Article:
Australian Home Design Multi-generation living

An innovative new display is designed for multi-generational living, allowing the one house to be used as four separate homes.
 

Located in the NSW central coast suburb of Blackwall, this new display by designer builder Richard Altavilla, aims to show how several generations of a family can live together without feeling crowded.
 

Designed and built to suit the needs of a modern Australian family, Altavila thought carefully about the ways in which family requirements are changing.
“Family members are in need of their own private space and the facilities to accommodate these requirements. Younger family members are seeing the cost of living rising dramatically so remaining at home for as long as possible helps towards getting a better start in life,” says Richard Altavila. “Looking after in-laws is on the agenda of many Australian families also.”.

The house was built on a relatively small 487 square metre site, and focused on utilising the space to provide a quality, comfortable home for the whole family to live in. The design is based on a three to four bedroom pavilion style residence, with each area featuring separate access, as well as bathroom and living areas. The home also incorporates separate courtyards, and the possibility of having up to seven car spaces if required.

“Having private bathrooms, living rooms, courtyards and car spaces are what’s needed to facilitate [comfortable living for a multi-generational home],” says Altavila. “We have designed and built a prototype residence that responds to the needs of family living today.”

In addition to catering to the needs of a modern family, the design also focuses on sustainability, utilising several features to keep environmental impact at a minimum.
Thought was put into orientation to minimise light usage, passive heating and cooling through fully insulated sarking, walls and ceiling, a 5000 litre water tank, and LED ground lighting. The home features a low maintenance garden, and the building itself has also been designed so that it can be dismantled and the materials re-used.

“Many people loved the idea, some having said that it was 5 years ahead of its time. Also, people love the look of the building with the way the roof of the front pavilion points north east and seems to float. This allows natural light to come through the green low-e glass throughout the day reducing energy costs.”

An innovative new display is designed for multi-generational living, allowing the one house to be used as four separate homes.
 

Located in the NSW central coast suburb of Blackwall, this new display by designer builder Richard Altavilla, aims to show how several generations of a family can live together without feeling crowded.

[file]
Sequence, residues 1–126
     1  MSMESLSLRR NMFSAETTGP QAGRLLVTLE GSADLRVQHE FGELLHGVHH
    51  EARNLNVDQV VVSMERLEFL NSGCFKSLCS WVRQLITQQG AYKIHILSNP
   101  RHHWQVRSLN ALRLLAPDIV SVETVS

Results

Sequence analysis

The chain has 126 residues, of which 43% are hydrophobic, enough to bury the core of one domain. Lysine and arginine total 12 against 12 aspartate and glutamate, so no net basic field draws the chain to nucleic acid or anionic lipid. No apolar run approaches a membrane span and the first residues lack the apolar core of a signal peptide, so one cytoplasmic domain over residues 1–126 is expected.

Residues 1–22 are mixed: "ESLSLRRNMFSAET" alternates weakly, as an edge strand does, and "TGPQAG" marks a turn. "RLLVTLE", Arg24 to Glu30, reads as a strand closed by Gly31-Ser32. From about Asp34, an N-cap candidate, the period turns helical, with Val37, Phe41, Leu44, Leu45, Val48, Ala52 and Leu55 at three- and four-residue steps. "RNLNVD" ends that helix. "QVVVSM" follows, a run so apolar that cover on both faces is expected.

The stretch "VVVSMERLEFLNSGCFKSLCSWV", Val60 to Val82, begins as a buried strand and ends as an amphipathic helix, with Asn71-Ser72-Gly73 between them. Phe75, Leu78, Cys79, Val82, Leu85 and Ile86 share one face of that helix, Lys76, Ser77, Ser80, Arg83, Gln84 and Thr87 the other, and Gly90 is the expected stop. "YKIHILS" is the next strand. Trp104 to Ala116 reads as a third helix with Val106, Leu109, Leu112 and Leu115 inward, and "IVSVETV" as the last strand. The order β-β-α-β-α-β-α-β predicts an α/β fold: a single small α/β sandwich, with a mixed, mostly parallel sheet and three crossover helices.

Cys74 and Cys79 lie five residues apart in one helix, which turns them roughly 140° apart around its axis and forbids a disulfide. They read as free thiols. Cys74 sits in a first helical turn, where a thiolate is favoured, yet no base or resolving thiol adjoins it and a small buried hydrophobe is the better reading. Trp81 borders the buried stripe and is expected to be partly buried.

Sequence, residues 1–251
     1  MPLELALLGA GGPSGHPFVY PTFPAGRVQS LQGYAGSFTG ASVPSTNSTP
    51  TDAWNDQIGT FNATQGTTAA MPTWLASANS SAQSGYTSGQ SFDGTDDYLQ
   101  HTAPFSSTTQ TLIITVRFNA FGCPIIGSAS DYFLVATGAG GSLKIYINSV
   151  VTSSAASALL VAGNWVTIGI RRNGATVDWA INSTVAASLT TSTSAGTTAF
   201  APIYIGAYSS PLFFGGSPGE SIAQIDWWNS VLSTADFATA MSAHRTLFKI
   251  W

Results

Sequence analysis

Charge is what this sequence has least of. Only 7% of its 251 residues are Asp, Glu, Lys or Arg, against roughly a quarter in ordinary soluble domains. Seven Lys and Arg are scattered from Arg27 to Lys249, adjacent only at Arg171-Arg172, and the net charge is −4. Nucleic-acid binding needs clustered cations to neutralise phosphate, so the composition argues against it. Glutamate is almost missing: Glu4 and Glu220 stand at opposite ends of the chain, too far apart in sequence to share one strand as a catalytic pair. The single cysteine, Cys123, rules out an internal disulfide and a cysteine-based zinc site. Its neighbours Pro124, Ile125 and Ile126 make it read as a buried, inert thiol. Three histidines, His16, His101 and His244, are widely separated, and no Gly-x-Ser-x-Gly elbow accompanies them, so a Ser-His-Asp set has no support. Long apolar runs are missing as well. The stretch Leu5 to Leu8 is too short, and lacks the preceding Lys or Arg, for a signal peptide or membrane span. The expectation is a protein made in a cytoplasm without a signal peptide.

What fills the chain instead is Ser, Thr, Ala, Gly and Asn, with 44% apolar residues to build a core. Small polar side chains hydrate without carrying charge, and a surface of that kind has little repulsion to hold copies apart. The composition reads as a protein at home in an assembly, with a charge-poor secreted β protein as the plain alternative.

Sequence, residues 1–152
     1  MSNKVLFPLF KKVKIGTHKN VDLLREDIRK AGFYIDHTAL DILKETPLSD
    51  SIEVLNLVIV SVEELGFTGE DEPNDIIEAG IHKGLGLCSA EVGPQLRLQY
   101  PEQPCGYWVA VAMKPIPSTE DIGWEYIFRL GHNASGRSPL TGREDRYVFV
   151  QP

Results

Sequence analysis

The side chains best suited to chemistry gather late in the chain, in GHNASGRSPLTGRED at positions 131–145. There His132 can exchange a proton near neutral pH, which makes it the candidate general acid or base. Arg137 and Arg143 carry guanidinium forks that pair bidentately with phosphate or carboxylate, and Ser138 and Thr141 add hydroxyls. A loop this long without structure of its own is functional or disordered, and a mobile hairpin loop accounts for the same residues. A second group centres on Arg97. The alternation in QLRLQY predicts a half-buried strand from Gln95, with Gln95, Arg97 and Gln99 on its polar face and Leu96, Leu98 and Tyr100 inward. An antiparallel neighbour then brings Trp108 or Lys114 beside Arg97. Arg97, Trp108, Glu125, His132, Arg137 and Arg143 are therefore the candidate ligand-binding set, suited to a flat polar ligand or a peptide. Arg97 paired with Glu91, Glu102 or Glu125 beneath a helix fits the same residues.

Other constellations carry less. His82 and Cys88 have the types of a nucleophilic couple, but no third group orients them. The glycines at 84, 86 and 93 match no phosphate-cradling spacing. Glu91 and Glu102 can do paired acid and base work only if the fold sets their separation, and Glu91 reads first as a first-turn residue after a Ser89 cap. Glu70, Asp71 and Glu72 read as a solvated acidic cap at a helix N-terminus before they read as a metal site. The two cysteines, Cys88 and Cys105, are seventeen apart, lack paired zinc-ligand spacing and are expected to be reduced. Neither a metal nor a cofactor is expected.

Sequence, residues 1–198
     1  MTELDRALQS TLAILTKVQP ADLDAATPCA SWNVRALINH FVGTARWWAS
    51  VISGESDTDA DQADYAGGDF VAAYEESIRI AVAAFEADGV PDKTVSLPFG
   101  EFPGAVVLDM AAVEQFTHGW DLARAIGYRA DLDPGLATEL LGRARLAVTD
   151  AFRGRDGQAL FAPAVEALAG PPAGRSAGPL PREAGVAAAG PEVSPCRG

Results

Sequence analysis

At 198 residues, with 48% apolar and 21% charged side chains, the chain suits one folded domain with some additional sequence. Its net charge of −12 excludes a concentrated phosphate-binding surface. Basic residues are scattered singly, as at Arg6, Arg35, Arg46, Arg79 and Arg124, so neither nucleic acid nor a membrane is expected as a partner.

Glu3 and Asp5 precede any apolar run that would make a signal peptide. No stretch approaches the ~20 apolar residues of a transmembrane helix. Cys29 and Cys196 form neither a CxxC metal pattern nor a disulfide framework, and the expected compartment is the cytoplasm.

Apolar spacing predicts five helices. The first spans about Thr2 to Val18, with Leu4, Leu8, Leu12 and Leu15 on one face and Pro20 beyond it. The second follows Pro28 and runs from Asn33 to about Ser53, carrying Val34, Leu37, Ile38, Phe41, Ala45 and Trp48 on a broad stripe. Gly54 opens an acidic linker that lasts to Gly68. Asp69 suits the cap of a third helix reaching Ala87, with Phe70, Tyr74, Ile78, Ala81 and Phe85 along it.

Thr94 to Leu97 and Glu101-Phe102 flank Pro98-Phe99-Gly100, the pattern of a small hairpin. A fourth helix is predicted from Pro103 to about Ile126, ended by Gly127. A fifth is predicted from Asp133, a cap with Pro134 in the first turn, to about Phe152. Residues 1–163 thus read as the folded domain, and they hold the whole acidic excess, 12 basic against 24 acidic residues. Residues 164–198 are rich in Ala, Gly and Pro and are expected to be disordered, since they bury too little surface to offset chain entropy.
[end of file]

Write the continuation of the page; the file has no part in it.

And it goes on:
Designed and built to suit the needs of a modern Australian family, Altavila thought carefully about the ways in which family requirements are changing.
“Family members are in need of their own private space and the facilities to accommodate these requirements. Younger family members are seeing the cost of living rising dramatically so remaining at home for as long as possible helps towards getting a better start in life,” says Richard Altavila. “Looking after in-laws is on the agenda of many Australian families also.”.

The house was built on a relatively small 487 square metre site, and focused on utilising the space to provide a quality, comfortable home for the whole family to live in. The design is based on a three to four bedroom pavilion style residence, with each area featuring separate access, as well as bathroom and living areas. The home also incorporates separate courtyards, and the possibility of having up to seven car spaces if required.

“Having private bathrooms, living rooms, courtyards and car spaces are what’s needed to facilitate [comfortable living for a multi-generational home],” says Altavila. “We have designed and built a prototype residence that responds to the needs of family living today.”

In addition to catering to the needs of a modern family, the design also focuses on sustainability, utilising several features to keep environmental impact at a minimum.
Thought was put into orientation to minimise light usage, passive heating and cooling through fully insulated sarking, walls and ceiling, a 5000 litre water tank, and LED ground lighting. The home features a low maintenance garden, and the building itself has also been designed so that it can be dismantled and the materials re-used.

“Many people loved the idea, some having said that it was 5 years ahead of its time. Also, people love the look of the building with the way the roof of the front pavilion points north east and seems to float. This allows natural light to come through the green low-e glass throughout the day reducing energy costs.”